Why Your Superman Complex Is Crippling Your Management Team


The Toyota Center, home of the Houston Rockets, was the perfect backdrop to talk about why leaders should take off their Superman capes, and invest in building an accountable team of all-stars. “Every time you solve a problem for someone on your team you rob them of the chance to grow.” That’s what 3 Men Movers CEO Jacky Noons hit home as the keynote speaker of Artemis Partners’ most recent STRIVE Thought Leaders event.





When Noons first purchased the company from her father in 2004, she had no experience as a business owner, but over the years she has honed her ability to manage accountable, autonomous teams using three guiding principles.


1. The big picture

  • Your leaders don’t need a Superman, they need someone to empower them and to let them make their own decisions.
  • Look in the mirror. You should be setting the example.
  • Don’t run to the rescue. Instead ask for solutions. If the solution doesn’t sidetrack business or hurt profitability, let them try it, even if you see another path.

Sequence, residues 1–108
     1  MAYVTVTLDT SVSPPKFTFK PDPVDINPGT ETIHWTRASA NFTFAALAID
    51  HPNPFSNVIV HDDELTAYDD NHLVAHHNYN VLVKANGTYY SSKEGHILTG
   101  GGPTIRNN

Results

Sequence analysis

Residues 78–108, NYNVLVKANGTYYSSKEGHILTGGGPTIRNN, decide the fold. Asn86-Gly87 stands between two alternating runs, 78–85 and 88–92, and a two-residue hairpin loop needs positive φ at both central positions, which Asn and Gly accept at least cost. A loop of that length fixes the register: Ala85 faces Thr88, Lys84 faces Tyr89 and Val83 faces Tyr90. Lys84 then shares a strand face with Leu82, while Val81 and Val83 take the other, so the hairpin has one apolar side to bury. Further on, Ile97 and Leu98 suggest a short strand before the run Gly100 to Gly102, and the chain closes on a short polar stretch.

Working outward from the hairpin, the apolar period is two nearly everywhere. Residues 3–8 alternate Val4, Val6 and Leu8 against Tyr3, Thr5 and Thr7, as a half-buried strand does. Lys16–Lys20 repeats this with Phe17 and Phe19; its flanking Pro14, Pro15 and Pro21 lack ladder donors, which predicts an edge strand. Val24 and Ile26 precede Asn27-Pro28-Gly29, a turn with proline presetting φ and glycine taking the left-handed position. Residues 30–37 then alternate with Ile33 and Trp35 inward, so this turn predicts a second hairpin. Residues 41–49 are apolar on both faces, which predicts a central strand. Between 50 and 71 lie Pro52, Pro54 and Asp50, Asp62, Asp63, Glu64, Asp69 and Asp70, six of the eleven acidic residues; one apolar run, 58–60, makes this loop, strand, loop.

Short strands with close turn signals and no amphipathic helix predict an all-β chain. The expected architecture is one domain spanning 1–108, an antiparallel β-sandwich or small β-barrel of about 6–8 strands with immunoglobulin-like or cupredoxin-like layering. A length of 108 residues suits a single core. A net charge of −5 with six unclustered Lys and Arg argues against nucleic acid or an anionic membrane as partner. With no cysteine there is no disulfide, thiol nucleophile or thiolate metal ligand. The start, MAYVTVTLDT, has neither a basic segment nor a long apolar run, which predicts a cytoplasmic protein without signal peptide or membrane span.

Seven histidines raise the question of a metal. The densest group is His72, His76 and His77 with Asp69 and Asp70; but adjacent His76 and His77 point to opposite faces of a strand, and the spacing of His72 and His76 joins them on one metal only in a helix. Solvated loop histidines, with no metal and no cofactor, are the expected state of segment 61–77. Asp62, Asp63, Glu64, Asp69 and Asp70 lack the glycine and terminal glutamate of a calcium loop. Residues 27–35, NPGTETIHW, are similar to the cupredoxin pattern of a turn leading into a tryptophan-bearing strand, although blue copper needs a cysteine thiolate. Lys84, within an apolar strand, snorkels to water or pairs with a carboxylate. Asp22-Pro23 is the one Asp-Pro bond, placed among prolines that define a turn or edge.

• Stay away from modifiers. Erase “kind of”, “pretty much”, and “almost” from your vocabulary. Projects are either done or they aren’t.


2. Don’t hold accountable, hire accountable

  • When you interview ask about a time they failed. You’re looking for accountability, not finger pointing.
  • Assess your people every quarter. Don’t wait half a year (let alone an entire one) to cut low performers. Open that seat up and try again.


3. Goal Setting

  • Create and publish your company’s three to four big goals for the year.
  • Let your leaders set their quarterly goals (these should promote reaching the annual company wide goals). They must put metrics around what achieving the goal looks like.
  • Use 30 minute, weekly 1-2-1s to let them update you on their progress to their goals.
  • One name per goal. Individuals need to know exactly what projects they are running point on.


Following these guidelines, Noons has been able to double down on her “people assets” and grow her business from $3 million dollars in annual revenue to $25 million.


When asked about her personal trials in building an accountable leadership team, she admitted that it hasn’t been an easy road. Holding onto “floaters” (poor performers with a great attitude) or “untouchables” (high performers with a bad attitude) longer than she should have used to be difficult. However, having clear goals spelled out makes these decisions much more clear-cut.


Noons drove home that while she supports and mentors each of her leaders, she also pushes them to solve their own problems stating that, “everybody deserves to feel successful.”


The full session can be viewed on Youtube.